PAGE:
How Soon After a Miscarriage Should You Try to Get Pregnant?
Exactly “how soon after a miscarriage should you try to get pregnant?” Is a question most women who have recently miscarried ask.
Should you try again immediately the bleeding stops or wait for full cycle after the miscarriage to try again? Are there risks to trying again?
Most women who have recently miscarried would love to try to get pregnant immediately as a way of getting over the shock and pain of their loss. A miscarriage pain usually runs deep, especially if the pregnancy was advanced and you had formed a bond with the child. It can hit you deep, leaving you devastated.
Due to this, a lot if women would want to try again immediately, not as a way of replacing the child they lost, but so they can have another major part of them to transfer the love and affection to.
A woman is very fertile immediately after her miscarriage and the bleeding has stopped and most women try to and actually get pregnant during this time. However, there is some risk of having another miscarriage with this new pregnancy as the lining of your womb hadn’t been fully formed to support this new baby.
How Soon Should You Try to Get Pregnant? Here’s What Medical Experts Have to Say on the Issue
Dr. Kirtly Parker Jones, a women healthcare expert of the University of Utah Health recommend waiting up to three months before trying to get pregnant again.
She states this time frame is recommended so your womb can heal sufficiently enough to carry another baby. This is also adviced to reduced the chances of another miscarriage occurring.
The world Health Organization (WHO) recommends waiting a longer time – up to six months after the miscarriage to try again as this gives your body ample time to fully heal and recover.
However, there are no medical evidences to back-up these claims as there have been a few women who went on to conceive immediately after their miscarriage and had healthy pregnancies carried to terms.
In this vein, most health care provider recommend working closely with your doctor to determine if you should try to get pregnant immediately.
Although over 90% of miscarriages that happen within the first 12 weeks happen as a result of chromosomal abnormalities, most women who experience it still go on to find out the exact cause of their miscarriage. And while not compulsory, women who gets some tests done to rules out other causes of miscarriage and have no complications from the miscarriage can try to get pregnant as soon as they feel up to it.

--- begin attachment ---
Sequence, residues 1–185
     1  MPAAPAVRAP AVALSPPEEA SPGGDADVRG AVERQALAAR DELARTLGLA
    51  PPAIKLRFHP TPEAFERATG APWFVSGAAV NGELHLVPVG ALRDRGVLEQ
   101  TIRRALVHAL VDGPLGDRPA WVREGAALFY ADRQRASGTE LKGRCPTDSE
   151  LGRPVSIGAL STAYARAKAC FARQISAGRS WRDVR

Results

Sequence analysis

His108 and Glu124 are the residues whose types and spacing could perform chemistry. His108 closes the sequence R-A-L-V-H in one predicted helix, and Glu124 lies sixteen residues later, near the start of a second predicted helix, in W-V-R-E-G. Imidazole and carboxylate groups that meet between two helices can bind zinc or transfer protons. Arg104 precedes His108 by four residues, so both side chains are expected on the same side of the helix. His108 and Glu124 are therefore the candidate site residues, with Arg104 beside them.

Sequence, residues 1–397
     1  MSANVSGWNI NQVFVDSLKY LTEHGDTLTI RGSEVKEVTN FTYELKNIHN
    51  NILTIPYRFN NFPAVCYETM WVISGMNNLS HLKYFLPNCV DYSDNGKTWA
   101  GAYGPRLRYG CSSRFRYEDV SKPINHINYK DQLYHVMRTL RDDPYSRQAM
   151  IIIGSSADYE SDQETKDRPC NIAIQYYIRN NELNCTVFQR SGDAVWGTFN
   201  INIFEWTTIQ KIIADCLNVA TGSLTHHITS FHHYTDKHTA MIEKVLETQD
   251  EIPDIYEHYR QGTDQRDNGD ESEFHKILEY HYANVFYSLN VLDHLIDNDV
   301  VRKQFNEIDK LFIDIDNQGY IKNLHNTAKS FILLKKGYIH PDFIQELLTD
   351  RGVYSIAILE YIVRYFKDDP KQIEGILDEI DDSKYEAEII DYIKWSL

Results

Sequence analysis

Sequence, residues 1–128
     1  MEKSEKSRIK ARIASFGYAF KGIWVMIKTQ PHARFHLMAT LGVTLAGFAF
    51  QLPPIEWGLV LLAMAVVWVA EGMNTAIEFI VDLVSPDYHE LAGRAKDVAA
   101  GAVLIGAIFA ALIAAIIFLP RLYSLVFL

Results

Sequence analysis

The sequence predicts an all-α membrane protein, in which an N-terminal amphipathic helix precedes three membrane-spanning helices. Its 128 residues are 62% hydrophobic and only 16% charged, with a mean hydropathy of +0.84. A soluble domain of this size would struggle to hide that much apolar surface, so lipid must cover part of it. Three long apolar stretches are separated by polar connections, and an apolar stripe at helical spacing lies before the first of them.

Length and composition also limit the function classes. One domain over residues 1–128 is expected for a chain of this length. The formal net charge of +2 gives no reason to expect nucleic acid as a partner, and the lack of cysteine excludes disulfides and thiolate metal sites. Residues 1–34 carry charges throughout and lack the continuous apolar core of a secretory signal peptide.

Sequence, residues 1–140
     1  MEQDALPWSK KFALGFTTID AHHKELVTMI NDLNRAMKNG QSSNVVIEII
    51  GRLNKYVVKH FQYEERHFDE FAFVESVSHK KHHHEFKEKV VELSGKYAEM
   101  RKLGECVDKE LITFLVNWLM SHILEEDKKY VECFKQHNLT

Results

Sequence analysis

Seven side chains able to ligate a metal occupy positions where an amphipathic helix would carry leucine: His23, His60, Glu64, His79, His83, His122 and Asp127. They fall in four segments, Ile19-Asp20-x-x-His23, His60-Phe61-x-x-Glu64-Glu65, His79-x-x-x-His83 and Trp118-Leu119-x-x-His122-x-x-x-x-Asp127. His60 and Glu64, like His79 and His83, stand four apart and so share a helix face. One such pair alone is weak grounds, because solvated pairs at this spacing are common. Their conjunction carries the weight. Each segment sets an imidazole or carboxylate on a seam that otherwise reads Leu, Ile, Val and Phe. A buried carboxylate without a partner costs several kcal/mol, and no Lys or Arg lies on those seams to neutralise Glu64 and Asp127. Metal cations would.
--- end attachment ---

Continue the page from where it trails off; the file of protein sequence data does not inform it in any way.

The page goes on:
Causes of Miscarriage in the First Trimester
Besides chromosomal abnormalities, other likely causes of miscarriage in the first trimester include:
- Antiphospholipid syndrome (blood clot)
- Ectopic pregnancy
- Placental issues
Common Causes of Miscarriage in Second Trimester
Some common causes of miscarriage in second trimester to look out for include:
- Infections like chlamydia, gonorrhea, rubella, syphilis and HIV.
- Health issues like diabetes, kidney diseases, lupus and thyroid issues.
- Autoimmune disorder
- Cervical incompetence
- An abnormal-shaped womb
- Dangerous lifestyle habits like the use of drugs, smoking and excessive drinking.
- Exposure to chemicals
- Food poisoning (with harmful pathogens like salmonella and listeria)
Likelihood of a Second Miscarriage
While a very small percentage of women who have experienced a miscarriage, have recurrent miscarriages (1 in 10 women, most go on to have very healthy pregnancies carried to term.
Research place these as the reasons why a second miscarriage could occur:
- Having hormonal imbalance where you produce more or less of a particular hormone.
- You have high levels of homocystein
- You’ve been diagnosed with anatomical issues like an incompetent womb or cervix and fibroid.
- Having a blood disorder.
- Being 35 years of age and older.
Therefore, if your tests results shows your miscarriage didn’t occur as a result of any of these and you feel up to it, you can try for another baby as soon after your next cycle.
How to Prevent a Second Miscarriage from Occurring
Before you try to get pregnant a second time, most doctors would usually recommend finding out what caused the first miscarriage. This is done so you undergo the corresponding treatment to prevent a reoccurrence.
Outside of this tests done, some other tips to prevent a miscarriage include:
- Eating a well balanced diet. Since your body needs to be in top notch condition to conceive, it is important you eat a diet containing a lot of essential nutrients and regularly too.
- Limit junk food as much as possible as junk food has been strongly linked to the quality of eggs a woman produces and consequently, infertility.
- In the same vein, you should also limit your caffeine intake as taking 300 mg of caffeine daily could cause a miscarriage.
- You should also make some adjustment to your lifestyle where necessary as smoking (even secondary smoke), excessive drinking and drugs can trigger a miscarriage.
- Take your prenatals regularly so the baby gets the right nutrients needed for his development.
- Control your blood sugar